Biomass Conversion Technologies Pty Ltd (BCT), one of MPBCRC’s commercial partners, is focusing on developing technologies that would allow cellulases to be expressed within wheat straw. This will require advances to ensure that adequate levels of cellulases are expressed at the required times. Advances will also be needed to develop inducible promoters that tell the plant when and where to express the cellulases.

Much of this research is still at the laboratory stage, with many of the technologies at least 10 years from market. A number of non-technological problems need to be addressed before biofuels derived from wheat straw become viable alternatives to fossil fuels.

Economic Viability

Production of biofuels needs to be able to compete economically with currently available fuels. Current methods of producing biofuels are only competitive when oil reaches very high prices of at least $70–80 per barrel. To increase the economic viability some problems must be overcome.

  • Input costs for feedstock need to be minimised. Effects of climate, such as drought and frost, currently have a large impact on price fluctuations. However, the technological advances detailed above can significantly mitigate these effects.
  • Transportation costs need to be significantly reduced.

A number of approaches could be taken to address the above challenges. One approach that could be viable in countries like Australia, where there are dense wheat-growing regions, is the strategic location of ethanol plants near biofuel crops to reduce transport distances. Another approach could be partial processing of the feedstock on farm (e.g. performing the cellulase digestion on farm and transporting a crude cellulose digest rather than straw). The in planta cellulase technology being developed by BCT could be particularly helpful in this strategy.

Consistency and Quality of Supply

For biofuels to be economically viable, a consistent supply needs to be developed. Grain growers are usually at risk from extreme weather conditions such as drought and frost. Research into GM crops indicates that traits may be able to be developed that could increase drought, frost and salt tolerance and disease resistance.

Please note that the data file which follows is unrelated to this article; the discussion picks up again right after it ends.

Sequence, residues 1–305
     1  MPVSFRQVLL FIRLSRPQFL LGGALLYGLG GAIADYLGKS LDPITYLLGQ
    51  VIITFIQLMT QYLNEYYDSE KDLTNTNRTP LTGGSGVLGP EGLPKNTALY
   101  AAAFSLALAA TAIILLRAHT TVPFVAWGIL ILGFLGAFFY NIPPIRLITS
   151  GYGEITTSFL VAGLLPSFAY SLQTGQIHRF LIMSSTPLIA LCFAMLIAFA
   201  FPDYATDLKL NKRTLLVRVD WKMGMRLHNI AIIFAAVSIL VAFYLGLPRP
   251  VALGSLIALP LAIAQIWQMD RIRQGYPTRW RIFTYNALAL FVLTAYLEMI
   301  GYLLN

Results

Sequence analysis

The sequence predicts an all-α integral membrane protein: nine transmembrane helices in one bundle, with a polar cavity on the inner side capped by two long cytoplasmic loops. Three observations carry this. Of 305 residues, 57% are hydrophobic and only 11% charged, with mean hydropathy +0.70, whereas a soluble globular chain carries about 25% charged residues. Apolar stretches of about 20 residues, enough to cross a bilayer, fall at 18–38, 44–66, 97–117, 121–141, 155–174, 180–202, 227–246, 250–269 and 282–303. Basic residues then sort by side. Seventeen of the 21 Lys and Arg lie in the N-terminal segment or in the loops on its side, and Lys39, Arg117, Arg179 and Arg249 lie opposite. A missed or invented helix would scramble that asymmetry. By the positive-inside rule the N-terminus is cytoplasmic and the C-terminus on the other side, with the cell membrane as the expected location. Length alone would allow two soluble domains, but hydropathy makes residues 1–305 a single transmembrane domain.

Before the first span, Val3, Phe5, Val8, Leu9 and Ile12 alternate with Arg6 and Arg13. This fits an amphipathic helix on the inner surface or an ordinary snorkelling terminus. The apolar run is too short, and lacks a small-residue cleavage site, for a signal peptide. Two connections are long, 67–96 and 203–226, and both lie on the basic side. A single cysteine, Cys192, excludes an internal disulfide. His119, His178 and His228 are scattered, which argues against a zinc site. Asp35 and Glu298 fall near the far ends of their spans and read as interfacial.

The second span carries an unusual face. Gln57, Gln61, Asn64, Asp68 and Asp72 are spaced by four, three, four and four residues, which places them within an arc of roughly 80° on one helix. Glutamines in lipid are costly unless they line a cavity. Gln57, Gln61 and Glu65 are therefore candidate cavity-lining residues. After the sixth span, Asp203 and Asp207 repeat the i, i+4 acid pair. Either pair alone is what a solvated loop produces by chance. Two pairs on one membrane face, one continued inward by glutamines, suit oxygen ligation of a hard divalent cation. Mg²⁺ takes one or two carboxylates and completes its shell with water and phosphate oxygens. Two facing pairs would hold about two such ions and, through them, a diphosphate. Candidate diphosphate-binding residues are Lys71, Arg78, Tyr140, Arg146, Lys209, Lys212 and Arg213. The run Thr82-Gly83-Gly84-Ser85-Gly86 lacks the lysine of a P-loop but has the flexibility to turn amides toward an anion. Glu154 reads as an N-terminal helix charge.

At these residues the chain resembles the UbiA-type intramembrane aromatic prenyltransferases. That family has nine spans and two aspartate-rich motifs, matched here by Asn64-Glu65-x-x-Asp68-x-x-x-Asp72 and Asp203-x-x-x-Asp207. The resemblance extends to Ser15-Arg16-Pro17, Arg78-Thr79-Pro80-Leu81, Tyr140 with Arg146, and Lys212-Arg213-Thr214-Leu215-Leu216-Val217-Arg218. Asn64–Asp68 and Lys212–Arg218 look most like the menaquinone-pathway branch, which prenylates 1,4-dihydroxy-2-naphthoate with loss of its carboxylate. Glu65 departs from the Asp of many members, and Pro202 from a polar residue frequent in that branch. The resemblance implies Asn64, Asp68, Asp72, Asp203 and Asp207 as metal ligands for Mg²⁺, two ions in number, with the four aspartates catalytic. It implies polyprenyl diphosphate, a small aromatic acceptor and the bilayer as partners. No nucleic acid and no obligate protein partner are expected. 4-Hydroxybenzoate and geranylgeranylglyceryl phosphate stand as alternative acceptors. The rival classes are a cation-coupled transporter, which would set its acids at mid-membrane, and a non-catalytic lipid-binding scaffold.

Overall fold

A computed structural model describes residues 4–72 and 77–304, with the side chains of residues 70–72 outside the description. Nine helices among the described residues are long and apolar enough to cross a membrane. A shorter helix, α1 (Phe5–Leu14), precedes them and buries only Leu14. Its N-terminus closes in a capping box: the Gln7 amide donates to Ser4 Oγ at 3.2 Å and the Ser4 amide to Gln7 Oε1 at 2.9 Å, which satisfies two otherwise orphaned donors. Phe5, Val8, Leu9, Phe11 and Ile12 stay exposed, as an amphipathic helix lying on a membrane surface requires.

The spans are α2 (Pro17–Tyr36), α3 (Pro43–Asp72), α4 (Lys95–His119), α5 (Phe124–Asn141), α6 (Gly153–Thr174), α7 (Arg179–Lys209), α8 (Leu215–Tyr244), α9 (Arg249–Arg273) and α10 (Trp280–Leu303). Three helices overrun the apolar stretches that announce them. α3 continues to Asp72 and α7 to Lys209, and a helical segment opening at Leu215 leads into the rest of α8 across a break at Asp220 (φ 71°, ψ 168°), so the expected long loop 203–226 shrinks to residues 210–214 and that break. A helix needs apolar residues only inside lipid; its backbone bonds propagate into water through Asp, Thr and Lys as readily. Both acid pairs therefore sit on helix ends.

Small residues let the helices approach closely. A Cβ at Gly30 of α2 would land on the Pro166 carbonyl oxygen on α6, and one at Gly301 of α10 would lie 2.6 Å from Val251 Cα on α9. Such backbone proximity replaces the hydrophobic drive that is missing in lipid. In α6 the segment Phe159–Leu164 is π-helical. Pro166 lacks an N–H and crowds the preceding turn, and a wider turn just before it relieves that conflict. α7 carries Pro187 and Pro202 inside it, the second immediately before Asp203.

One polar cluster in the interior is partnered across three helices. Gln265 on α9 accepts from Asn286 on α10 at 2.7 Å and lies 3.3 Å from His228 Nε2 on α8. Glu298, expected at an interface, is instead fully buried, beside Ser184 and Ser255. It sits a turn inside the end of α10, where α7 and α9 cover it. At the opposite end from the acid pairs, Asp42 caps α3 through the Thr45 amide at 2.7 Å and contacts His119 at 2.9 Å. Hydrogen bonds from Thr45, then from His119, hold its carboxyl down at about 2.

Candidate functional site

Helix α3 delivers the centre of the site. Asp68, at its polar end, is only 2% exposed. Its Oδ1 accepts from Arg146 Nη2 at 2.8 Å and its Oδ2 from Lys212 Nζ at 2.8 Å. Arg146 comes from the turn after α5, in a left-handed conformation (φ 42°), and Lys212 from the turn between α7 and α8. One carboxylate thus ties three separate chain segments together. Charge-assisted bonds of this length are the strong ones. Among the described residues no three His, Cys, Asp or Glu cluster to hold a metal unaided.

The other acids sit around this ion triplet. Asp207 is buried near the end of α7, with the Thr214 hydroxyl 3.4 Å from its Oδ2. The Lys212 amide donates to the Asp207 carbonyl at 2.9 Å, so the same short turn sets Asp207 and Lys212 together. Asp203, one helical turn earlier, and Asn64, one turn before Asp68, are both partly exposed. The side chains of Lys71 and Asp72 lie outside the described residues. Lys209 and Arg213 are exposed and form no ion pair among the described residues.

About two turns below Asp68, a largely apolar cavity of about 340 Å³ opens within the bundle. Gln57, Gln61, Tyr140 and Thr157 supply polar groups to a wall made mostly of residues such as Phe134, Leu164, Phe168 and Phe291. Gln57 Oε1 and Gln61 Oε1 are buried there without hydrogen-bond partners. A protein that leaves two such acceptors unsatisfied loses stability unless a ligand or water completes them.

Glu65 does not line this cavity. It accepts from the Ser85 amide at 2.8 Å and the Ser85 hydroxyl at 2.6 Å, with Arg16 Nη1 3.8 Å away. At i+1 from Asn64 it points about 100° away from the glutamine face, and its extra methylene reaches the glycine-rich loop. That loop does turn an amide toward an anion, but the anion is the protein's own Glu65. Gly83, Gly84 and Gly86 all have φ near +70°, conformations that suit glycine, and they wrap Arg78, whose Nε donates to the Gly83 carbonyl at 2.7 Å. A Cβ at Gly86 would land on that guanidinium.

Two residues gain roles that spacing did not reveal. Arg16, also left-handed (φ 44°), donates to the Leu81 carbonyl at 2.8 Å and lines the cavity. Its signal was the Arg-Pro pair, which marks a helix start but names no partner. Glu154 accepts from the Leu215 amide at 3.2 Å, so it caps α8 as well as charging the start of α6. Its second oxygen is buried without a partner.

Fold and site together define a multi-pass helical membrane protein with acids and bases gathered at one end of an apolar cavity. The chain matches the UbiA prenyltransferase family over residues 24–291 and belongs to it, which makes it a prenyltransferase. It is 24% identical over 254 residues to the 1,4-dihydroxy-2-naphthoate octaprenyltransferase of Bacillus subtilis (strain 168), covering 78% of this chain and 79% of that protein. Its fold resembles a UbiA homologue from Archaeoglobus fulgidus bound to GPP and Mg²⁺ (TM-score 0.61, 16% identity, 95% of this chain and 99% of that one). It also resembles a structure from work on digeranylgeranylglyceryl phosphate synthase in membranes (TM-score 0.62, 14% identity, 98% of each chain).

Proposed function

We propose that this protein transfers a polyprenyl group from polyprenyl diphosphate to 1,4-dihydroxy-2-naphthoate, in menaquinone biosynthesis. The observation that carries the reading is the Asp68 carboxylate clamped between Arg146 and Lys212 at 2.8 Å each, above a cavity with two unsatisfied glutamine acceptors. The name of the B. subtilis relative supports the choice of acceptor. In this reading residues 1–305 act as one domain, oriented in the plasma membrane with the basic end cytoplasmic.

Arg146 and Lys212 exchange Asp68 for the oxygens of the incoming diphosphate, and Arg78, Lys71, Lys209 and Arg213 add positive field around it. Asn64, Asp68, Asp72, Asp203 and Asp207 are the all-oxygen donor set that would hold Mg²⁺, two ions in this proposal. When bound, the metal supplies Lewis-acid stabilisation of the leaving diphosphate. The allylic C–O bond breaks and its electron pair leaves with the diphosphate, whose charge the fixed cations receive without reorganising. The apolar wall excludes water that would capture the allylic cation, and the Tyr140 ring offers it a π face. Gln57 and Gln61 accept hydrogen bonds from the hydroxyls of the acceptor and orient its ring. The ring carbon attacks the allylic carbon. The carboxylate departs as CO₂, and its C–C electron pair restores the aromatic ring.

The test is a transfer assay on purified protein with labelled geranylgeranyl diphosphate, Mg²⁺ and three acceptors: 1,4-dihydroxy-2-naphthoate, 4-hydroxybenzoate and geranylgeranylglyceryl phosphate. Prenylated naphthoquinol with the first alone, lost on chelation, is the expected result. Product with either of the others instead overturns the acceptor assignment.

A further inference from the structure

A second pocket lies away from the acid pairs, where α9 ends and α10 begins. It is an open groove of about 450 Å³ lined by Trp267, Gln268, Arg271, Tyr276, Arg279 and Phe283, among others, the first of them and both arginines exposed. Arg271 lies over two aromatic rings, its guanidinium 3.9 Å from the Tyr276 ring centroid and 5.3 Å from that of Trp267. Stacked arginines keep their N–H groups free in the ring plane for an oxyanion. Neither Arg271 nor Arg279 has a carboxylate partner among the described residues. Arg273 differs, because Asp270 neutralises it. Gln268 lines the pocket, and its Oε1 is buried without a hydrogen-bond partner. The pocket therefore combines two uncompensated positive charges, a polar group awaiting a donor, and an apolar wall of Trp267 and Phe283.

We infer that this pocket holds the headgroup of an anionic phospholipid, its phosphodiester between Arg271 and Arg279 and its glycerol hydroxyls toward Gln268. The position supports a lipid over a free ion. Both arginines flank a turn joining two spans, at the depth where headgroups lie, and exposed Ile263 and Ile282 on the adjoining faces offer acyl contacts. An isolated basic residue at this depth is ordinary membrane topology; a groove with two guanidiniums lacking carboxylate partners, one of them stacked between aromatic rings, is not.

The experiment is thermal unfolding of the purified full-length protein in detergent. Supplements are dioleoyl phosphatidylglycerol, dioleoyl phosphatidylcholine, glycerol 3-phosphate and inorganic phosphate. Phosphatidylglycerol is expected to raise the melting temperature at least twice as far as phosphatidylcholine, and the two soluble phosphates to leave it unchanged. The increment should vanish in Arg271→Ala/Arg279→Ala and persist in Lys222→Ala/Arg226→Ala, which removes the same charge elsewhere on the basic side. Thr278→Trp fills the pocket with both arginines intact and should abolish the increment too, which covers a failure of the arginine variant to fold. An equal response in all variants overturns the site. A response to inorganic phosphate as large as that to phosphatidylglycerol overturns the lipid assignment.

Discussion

MPBCRC is conducting Australia’s first field trials for drought-tolerant GM wheat in Victoria. These trials have shown some exciting results to date, with a number of promising candidate genes being tested. However, these products will take at least a decade to reach the market.

Support of Sustainable Agriculture Practices

It should be recognised that converting all agricultural by-products into ethanol could jeopardise sustainable and environmentally sound farming practices. For example, no-till farm practices (avoiding ploughing or turning the soil while leaving some residual crop after harvest) has been estimated to reduce greenhouse gas emissions by up to 80%. This practice also maintains soil quality, reduces erosion and conserves water by improving absorption.

Second-generation biofuels can co-exist with these types of sustainable agricultural practices. For example, at present yield levels of wheat straw residue, sufficient levels can be maintained to continue their positive environmental impact. In the near future, improvements in biomass yield are expected, which will further aid the practices.

Emerging Potential

None of these issues is insurmountable – second-generation biofuels have significant potential. WorldBioPlant.com has estimated that in 2007 there were 954 biofuel plants across 56 countries, with an estimated cumulative output capacity of over 163 billion litres. A 2005 report by the US Department of Agriculture and Department of Energy estimated that the USA could produce more than 1 billion tonnes per year of biomass for cellulosic conversion from crop residues, forest by-products and other underused resources. This amount of biomass could replace up to 30% of US petroleum use by 2030.

Economic benefits are potentially enormous. The Rural Industries Research and Development Corporation (RIRDC) in Australia has issued a statement that “biofuel production has the potential to give farmers new options to diversify their income streams, to offer new employment opportunities, to reduce greenhouse gas emissions and to provide greater fuel security for Australia”. A case study produced by RIRDC for the production of Sarina ethanol from sugar estimated that $7.7 million was added to household incomes in the region.

Similarly, a report by Washington State University’s energy program found that the production of second-generation biofuels in eastern Washington could produce an extra 400 jobs, with an economic advantage of $19.6 million.

Environmental benefits also exist. Most importantly, depending on the feedstock and processing method, a significant reduction in carbon dioxide emissions can be achieved compared with conventional fuels. When evaluating over a product lifecycle, second-generation biofuels could also have reduced energy inputs.

Challenges exist before the production of second-generation biofuels can compete with petroleum-based fuels. As well as the technological and logistical advances needed, a change in the public perception of biofuels as “crimes against humanity” is required.

Second-generation biofuels have the potential to provide a sustainable source of fuel, alleviating the global fuel crisis without negatively impacting on food supplies.